April 23, 2017
The demise of the AfD has accelerated dramatically
It remains the consensus among German political commentators that the AfD will beat the 5% threshold necessary for representation in the Bundestag. But this is becoming less certain, given the deep division of the party that came out into the open over the weekend. We already reported on the decision by Frauke Petry, the party leader, not to enter the forthcoming election campaign as the top candidate - Spitzenkandidat as it is known. At the party congress over the weekend Petry lost five battles, most notably a suggestion that the party should have no candidates, and that it should position itself to be able to enter into a coalition in 2021. The party not only rejected her proposals: they voted not even to put them up for discussion. By the end of the Congress she looked utterly devastated and isolated.
The congress instead decided to nominate two other politicians, Alexander Gauland and Alice Weidel, as their two joint candidates. But neither is a match to Petry. Petry is hardly a centrist herself, but the party is now moving further to the right and is now led by candidates who are effectively condoning the membership of neo-Nazis within the party, which has been one of the sources of the conflict.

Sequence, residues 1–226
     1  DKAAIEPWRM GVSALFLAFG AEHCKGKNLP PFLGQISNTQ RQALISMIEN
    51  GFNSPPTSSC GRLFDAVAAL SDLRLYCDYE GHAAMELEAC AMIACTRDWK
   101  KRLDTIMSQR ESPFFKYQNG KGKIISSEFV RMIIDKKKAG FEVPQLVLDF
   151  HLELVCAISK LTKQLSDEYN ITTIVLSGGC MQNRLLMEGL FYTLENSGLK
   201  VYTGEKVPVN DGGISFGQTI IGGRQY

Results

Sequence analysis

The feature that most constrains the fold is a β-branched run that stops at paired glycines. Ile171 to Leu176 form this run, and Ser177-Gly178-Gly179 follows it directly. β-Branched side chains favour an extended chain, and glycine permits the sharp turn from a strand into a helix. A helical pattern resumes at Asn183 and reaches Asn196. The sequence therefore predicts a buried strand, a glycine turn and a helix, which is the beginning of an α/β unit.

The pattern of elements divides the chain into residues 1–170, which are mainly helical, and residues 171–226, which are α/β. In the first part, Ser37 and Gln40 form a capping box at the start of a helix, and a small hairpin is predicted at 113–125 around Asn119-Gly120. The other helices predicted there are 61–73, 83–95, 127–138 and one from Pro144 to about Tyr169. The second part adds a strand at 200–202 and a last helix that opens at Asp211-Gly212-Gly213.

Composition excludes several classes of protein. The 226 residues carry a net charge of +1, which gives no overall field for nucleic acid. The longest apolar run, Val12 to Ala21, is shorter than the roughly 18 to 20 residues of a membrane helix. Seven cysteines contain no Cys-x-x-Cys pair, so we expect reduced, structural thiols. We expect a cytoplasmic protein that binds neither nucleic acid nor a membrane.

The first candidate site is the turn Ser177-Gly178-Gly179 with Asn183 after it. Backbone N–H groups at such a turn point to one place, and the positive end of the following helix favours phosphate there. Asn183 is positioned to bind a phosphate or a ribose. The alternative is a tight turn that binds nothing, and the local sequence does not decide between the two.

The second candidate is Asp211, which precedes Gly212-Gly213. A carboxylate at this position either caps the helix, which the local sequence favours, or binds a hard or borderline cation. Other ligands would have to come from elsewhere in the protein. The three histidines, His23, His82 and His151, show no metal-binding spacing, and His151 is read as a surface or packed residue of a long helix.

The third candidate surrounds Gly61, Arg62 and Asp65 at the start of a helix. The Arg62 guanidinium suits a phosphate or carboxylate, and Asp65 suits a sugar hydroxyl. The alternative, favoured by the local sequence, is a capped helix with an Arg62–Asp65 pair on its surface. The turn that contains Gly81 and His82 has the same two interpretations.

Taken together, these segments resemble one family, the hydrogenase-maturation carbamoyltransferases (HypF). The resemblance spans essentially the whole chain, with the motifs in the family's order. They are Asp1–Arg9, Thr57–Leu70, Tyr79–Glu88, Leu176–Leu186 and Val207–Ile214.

Petry is still nominally the party leader. Some people expected her to resign over the weekend. We think her game plan is let her opponents run into a wall and pick up the rubble afterwards. But it is not clear to us that the party will survive such a clash.
Jasper von Altenbockum made an important point in his commentary about the demise of this party. German conservatives had great hopes that the AfD would ultimately emerge as Germany’s conservative/liberal party, a bit like the Tories in the UK, or the Republicans in the US. He notes that the economic section of the manifesto contains virtually no liberal policies. The AfD is instead following in the footsteps of other populists parties in Europe, with its emphasis on anti-establishment politics and a criticism of the excesses of liberal society. The party has reduced itself to an anti-immigration movement. Petry tried to open a pathway to conservative-liberal forces of German society, but this path is now blocked.